To our knowledge, the present study is the first to determine the levels of oxidative stress markers in the serum of patients with compression myelopathy. Generally, biological markers of oxidative stress are molecules that are modified via interactions with ROS. As previously stated, the direct measurement of ROS in serum is difficult because of their biochemical instability . Thus, an assay to detect a more stable class of ROM, or hydroperoxides, has been developed. In fact, measuring ROM, a proxy for ROS production, has already been recognized as useful for the evaluation of oxidative stress levels in a multitude of diseases including, but not limited to, obesity, metabolic syndrome, asthma, and RA [10, 16, 17]. In addition, although the pathogenesis of compression to the spinal cord is a little different between CSM and OPLL, there were no significant difference by the cause of disorders (CSM or OPLL) in this study that suggest that OPLL does not concern to the elevation of ROM.
According to past reports, markers of oxidative stress increase with increasing age, female gender, obesity, and diabetes [12, 14, 16] and endogenous oxidative stress has been implicated. The markers of oxidative stress in serum were increased in females in the AM group compared with males in the AM, males in the CM, and females in the CM group, a finding also in partly supported by a previous study . However, there were no significant difference between the sex and the recovery rate of JOA score. To date, we have no idea to speculate this phenomenon. Further investigation will be needed to explain this phenomenon. On the other hands, in our study, there were no correlation between ROM and age, BMI, history of smoking, and existence of diabetes that may indicates those factors less concern to the elevation of oxidative stress.
In contrast, the level of oxidative stress based on serum analyses increases when there is an acute spinal cord injury, Alzheimer’s disease, amyotrophic lateral sclerosis, and Parkinson’s disease [9, 18, 19]. Reports of oxidative stress in the presence of neurodegenerative diseases suggests that there exists the neurogenic oxidative stress in which neuronal cell apoptosis may be involved. In this study, although ROM in the serum of patients in the CM group showed evidence of a moderate level of oxidative stress, patients in the AM group had ROM indicative of a significantly more severe level of oxidative stress. This may, at least in part, reflect more oxidative stress resulting from worsening neurodegeneration in the AM group. Furthermore, in the present study, high ROM in the AM group are reflective of a poor surgical outcome. Neuronal apoptosis may be in partly more serious in patients in the AM group with high ROM considering the favorable neurological recovery of CM. In addition, the recent report has indicated that the ischemia-reperfusion phenomenon concerns the surgical outcome in AM as the major pathogenesis . Our results may reflect that the ischemia-reperfusion injury is also more serious in patients in the AM group with high ROM. Ultimately, the results of the present study suggest that the surgical outcome may be poor in patients with high ROM, like those in the AM group or the representative case. Thus, the results help us to explain during the time of informed consent, before surgery, that the surgical outcome may be inferior in such patients. Nevertheless, the ratio of endogenous oxidative stress to neurogenic oxidative stress is unclear. In addition, it is also unclear as to whether endogenous or neurogenic factors are strongly influential in compression myelopathy. Further basic and clinical investigations will be needed.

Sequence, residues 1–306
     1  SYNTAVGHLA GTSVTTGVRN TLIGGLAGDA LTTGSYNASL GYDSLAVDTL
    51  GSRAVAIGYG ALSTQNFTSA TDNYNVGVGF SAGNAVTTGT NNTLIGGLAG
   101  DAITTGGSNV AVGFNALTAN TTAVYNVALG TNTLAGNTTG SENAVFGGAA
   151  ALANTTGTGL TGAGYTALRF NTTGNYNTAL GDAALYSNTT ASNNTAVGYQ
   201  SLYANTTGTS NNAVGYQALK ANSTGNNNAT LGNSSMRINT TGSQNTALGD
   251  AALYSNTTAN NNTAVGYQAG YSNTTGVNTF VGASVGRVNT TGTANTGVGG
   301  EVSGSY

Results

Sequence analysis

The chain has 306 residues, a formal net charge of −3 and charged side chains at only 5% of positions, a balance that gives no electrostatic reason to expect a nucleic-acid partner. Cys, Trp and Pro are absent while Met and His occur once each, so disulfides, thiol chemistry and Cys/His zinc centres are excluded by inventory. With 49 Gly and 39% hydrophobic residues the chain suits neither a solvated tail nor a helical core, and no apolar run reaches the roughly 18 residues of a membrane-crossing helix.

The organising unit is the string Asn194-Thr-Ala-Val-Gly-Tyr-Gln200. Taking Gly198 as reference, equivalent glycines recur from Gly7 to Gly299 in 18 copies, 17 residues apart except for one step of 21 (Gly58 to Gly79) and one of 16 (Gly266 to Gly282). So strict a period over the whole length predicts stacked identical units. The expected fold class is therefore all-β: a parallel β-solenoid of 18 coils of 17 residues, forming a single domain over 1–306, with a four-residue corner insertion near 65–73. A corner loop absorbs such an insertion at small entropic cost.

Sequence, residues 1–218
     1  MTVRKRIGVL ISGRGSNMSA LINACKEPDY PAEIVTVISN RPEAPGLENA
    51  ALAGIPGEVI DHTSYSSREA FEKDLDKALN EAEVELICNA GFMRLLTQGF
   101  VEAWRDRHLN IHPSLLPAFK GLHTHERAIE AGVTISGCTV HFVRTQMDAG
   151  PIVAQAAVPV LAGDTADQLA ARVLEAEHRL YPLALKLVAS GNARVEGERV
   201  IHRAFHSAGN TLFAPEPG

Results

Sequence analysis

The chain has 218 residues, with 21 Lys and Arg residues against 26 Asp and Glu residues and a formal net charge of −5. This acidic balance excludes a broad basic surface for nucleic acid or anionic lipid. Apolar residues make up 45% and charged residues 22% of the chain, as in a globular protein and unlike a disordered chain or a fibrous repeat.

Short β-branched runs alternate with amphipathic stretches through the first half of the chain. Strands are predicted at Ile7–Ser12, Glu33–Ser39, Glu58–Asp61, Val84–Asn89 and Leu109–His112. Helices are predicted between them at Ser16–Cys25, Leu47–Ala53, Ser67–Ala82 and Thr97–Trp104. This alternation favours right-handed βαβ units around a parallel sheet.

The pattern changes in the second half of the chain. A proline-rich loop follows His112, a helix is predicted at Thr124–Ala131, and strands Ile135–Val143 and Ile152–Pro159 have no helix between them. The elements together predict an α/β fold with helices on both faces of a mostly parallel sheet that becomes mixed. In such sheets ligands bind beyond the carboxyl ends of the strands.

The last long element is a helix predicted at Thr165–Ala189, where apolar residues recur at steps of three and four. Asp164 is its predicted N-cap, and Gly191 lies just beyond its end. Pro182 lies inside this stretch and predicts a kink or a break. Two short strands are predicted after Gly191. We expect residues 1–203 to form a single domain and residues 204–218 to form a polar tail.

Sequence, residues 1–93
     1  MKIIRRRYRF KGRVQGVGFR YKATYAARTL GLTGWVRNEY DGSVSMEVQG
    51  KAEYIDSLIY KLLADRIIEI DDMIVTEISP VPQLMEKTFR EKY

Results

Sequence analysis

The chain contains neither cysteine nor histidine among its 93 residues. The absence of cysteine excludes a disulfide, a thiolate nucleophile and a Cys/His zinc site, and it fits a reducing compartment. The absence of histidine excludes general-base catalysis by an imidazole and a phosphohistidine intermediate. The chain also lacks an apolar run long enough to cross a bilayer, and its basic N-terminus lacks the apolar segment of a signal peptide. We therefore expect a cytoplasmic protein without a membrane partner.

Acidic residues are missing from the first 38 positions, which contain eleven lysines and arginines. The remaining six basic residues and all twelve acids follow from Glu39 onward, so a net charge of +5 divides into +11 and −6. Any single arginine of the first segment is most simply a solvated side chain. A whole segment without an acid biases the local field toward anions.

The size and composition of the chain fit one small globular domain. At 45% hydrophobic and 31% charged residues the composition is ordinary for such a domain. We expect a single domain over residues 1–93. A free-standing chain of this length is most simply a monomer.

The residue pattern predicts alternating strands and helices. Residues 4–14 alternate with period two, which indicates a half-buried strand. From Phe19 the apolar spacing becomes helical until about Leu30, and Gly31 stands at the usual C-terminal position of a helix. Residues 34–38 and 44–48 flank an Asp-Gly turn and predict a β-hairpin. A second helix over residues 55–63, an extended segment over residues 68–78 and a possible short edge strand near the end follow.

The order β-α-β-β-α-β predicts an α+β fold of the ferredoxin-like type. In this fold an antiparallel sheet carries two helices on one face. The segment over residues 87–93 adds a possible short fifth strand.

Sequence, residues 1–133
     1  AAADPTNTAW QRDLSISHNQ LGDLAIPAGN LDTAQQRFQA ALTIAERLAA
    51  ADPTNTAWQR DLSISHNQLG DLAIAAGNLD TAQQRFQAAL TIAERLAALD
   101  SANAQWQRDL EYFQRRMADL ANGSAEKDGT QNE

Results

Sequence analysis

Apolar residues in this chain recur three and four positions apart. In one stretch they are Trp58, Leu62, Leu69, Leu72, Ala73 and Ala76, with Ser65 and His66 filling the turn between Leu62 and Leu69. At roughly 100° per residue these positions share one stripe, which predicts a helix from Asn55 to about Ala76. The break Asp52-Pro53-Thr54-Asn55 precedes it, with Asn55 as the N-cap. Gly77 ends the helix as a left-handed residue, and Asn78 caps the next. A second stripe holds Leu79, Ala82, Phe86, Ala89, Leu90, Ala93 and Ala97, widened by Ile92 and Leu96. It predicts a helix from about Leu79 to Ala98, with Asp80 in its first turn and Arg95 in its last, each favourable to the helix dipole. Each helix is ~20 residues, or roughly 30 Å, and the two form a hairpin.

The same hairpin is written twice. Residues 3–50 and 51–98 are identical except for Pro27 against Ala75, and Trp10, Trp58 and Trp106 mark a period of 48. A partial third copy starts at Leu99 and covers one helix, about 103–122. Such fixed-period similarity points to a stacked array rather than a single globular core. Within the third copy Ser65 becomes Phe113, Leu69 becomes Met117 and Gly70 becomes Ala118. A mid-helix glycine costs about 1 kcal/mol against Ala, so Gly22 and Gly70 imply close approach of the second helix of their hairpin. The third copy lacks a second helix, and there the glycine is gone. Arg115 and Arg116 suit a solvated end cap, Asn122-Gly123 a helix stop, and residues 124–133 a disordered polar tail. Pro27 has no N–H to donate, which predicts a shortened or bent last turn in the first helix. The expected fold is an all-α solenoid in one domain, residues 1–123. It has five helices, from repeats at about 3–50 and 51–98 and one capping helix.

The present study has some limitations. First, the sample size was small, and the severity of myelopathy and the selection of the surgical procedure could contain some bias. Although our previous report has indicated that the recovery rate based on the JOA score was significantly higher in the AM group than in the CM group, unexpectedly, there were no significant differences in our study . In that study, the main surgical treatments were posterior procedures such as LMP and PDF. However, we mostly chose ADF for the patients in our study. For K-line (−) OPLL, ADF or PDF was considered suitable surgical treatment based on JOA scores to assess recovery compared with LMP . In addition, in cases of CSM, ADF is recommended for the treatment of multilevel cervical myelopathy compared with LMP . In fact, the result of this study indicated that the recovery rate of JOA score is significantly higher in ADF. The choice of anterior surgery in our study may have resulted in favorable surgical outcomes in patients in the CM group. Further investigations with single surgical procedures will be needed to clarify the comparison of surgical outcome between AM and CM groups. Second, the definition of AM and CM is subjective because the distinction is only due to the neurological findings. CM contain both the sub-acute phase and real chronic phase. That is the other reason that there was no significant difference in the recovery rate of JOA score between AM and CM. It was unable to speculate surgical outcome of AM/CM only by ROM before surgery because oxidative stress also increased in CM. The definition of CM also may explain this unexpected phenomenon. We speculate that ROM increases until the sub-acute phase and gradually decreases to the normal level if the patient become the real chronic phase. Nevertheless, to our knowledge, there are no biomarkers that distinguish acute, sub-acute, and chronic phase of myelopathy accurately. Further investigation about ROM in combination with the other useful biomarkers will be expected. Third, we lacked data on ROM in serum over time. In this pilot study, we corrected the serum samples only at the time before surgery to clarify whether the ROM before surgery can speculate the surgical outcome. However, the collection of serum samples after surgery is easier than sampling CSF . In the near future, we plan to conduct the observational study to investigate longitudinal changes in ROM after surgery. Such an approach could be used to determine the ratio of neurogenic oxidative stress associated with compression myelopathy. We speculate that if ROM improve postoperatively, and there is a correlation between them and the recovery rate assessed using JOA scores, oxidative stress levels with a neurogenic origin may be improved by surgery in patients with compression myelopathy. If our hypothesis is proven, it could result in the more effective use of antioxidant medications. Fourth, we don’t investigate the patient-based outcomes like SF-36, EQ-5D, and JOA CMEQ in this study. Although the patient-based outcome is important, the major purpose of this study is to evaluate the recovery of myelopathy. However, those patient-based outcomes may include the residual neck pain or psychogenic factor after surgery. To simplify the result, we investigated only the JOA score. Fifth, details of the mechanism underpinning the elevation of oxidative stress levels in patients with compression myelopathy remain unclear. In addition to neuronal apoptosis  and neurodegenerative changes that can result in increased oxidative stress levels, a recent report has indicated that modic type endplate changes in vertebrae of the lumbar spine and disc degeneration could also cause inflammation and play a pathologic role in compression myelopathy .